Friday, October 22, 2010

Hearing the leaves and the breathing shore

W.S. Merwin, the current American poet laureate, long ago renounced the city for a life of poetic retreat on the island of Maui, where he writes and plants trees, restoring the natural forest surrounding his home.  In The Compass Flower (1977), the first book published after his move to Hawaii, he looked back without fondness on city life, where 'the light of the streets is the color of arms kept covered' and 'the veins of the sleepers remember trees.'  Living in the city myself, I can't help feeling something of a reproach in poems like this.  'Are you modern', he asks in 'What Is Modern' - the lack of a question mark adding extra weight to the enquiry.  Well, yes, I think, and not ashamed to be counted as an admirer of Joyce and Mies and Mondrian...  Then he asks: 'Is the first / tree that comes / to mind modern / does it have modern leaves.'  Well, right now, yes (see below), but I take the point - real trees aren't 'modern' and we should see them for what they are. In another poem, 'Native Trees', Merwin complains that his parents never knew what the trees of his childhood were called, and it's not just trees that we fail to register: among the ironic 'Questions to Tourists Stopped by a Pineapple Field' Merwin asks 'What and where was the last   bird you noticed / do you remember   what sort of bird it was'.  

Piet Mondrian, Trees in Blossom, 1912

Merwin has written some of the best known modern ecopoems, like 'Place', where he says that on the last day of the world he will plant a tree, and 'Witness' where he suggests that a forgotten language is needed to tell what the forests were like.  However, in these poems the trees are ideas of trees and it is perhaps surprising not to find in his books more poems of place that specify and describe the island's natural features in detail.  A poem like 'Anniversary on the Island', which you can hear read by Garrison Keiller at his Writer's Almanack site, gives only a general idea of the landscape - backdrop to an idyllic life, waking day after day as 'the light rises through the drops on the leaves', watching 'the long waves glide in through the afternoon' and at night 'hearing the leaves and the breathing shore.'  Perhaps Merwin's interest in the island's trees is ultimately more direct and practical - he is one of those artists who has created his own landscape and the intention is that it will be preserved after his death by The Merwin Conservancy and Hawaiian Coastal Land Trust.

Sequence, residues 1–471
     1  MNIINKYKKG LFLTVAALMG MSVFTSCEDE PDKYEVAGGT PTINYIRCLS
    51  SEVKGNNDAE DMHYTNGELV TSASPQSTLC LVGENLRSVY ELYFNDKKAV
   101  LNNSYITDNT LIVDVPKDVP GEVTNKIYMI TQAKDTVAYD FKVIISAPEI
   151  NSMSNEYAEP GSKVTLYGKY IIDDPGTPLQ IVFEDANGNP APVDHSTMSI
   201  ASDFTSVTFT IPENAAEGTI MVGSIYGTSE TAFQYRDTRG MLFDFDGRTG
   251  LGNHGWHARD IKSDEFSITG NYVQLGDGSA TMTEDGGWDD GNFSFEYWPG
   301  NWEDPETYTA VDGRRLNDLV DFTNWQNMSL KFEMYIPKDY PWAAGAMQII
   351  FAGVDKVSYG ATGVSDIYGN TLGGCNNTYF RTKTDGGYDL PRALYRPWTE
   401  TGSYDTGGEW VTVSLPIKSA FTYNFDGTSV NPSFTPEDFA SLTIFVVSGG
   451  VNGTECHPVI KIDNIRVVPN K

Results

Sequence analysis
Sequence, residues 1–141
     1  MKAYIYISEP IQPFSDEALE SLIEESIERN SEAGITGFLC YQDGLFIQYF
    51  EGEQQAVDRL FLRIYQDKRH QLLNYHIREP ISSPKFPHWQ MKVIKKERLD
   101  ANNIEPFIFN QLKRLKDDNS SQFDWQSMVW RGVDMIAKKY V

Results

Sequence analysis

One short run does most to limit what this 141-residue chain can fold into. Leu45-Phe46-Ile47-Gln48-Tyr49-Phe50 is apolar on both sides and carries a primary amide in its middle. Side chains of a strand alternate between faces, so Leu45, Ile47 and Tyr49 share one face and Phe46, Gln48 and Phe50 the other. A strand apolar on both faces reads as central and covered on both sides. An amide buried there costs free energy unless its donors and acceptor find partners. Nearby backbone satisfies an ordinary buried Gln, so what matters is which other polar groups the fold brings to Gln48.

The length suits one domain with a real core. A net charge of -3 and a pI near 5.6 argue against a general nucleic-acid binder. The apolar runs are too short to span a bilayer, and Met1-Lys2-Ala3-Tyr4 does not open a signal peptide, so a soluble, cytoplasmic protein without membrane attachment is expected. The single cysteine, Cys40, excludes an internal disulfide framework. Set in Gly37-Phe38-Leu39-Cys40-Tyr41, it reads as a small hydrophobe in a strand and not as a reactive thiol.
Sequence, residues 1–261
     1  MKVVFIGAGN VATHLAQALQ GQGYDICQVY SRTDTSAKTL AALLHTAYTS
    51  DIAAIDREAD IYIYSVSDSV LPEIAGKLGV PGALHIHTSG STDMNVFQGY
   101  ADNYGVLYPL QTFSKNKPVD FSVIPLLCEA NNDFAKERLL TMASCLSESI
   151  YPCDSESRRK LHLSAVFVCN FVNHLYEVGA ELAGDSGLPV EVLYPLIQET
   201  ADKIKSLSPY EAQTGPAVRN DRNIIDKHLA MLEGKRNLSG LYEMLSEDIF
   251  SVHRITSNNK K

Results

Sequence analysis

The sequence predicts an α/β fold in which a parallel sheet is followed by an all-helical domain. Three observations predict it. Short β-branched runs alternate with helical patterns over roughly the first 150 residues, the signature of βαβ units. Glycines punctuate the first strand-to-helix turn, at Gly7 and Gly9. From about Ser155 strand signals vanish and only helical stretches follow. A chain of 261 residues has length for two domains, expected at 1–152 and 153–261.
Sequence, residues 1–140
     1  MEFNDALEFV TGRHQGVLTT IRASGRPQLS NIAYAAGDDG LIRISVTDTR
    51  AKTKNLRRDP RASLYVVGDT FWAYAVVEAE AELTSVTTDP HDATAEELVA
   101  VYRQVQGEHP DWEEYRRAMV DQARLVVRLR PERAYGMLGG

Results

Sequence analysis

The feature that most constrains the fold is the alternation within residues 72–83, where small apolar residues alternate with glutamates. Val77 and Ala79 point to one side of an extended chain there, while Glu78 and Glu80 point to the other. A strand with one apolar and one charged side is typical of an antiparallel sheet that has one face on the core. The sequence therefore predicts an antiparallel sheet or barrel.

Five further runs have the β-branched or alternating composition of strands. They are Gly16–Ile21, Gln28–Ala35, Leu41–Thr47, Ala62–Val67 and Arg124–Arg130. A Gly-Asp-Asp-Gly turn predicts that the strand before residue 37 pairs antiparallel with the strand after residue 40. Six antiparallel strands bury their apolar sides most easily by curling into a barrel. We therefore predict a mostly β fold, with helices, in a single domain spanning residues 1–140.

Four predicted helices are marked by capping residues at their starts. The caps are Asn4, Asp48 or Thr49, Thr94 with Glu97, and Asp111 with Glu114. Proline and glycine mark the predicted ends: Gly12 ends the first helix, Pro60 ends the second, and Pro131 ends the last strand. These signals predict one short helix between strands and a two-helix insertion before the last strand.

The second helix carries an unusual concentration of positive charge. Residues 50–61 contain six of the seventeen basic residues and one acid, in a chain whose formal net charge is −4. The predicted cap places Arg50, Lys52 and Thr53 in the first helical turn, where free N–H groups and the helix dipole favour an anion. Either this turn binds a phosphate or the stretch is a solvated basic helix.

Fifteen years ago Dinitia Smith interviewed Merwin for the New York Times. 'I'd got lost looking for W. S. Merwin's house on the Hawaiian island of Maui, driving along roads lined with palms and sugar cane, then turning into a dense area of ironwood and heliconia trees. It was almost like rain forest here -- pink and red hibiscus, ginger flowers filled with rain from the night.  Then, suddenly, there he was, as if he'd somehow materialized out of the rain ...  Over the years, Merwin has almost reinvented himself in the 19th-century Romantic ideal of the poet at one with nature. When he isn't writing, he's down in his forest, trying to restore it to its primeval state. In conversation, he refers constantly to "the environment," to a tree that doesn't belong in Hawaii but was brought here by merchants or missionaries, to a geothermal project on a neighboring island that he's campaigning against. ... One afternoon, in the rain, Merwin takes me on a tour of the garden. "That's a koa tree, what Hawaiian canoes were made from," he says as we trudge along a wet, rocky path. "I put that in as a tiny tree." We come to an eroded ledge, one patch he hasn't restored yet. "See there, that's what it used to be like. It wants to be a forest!"'

No comments: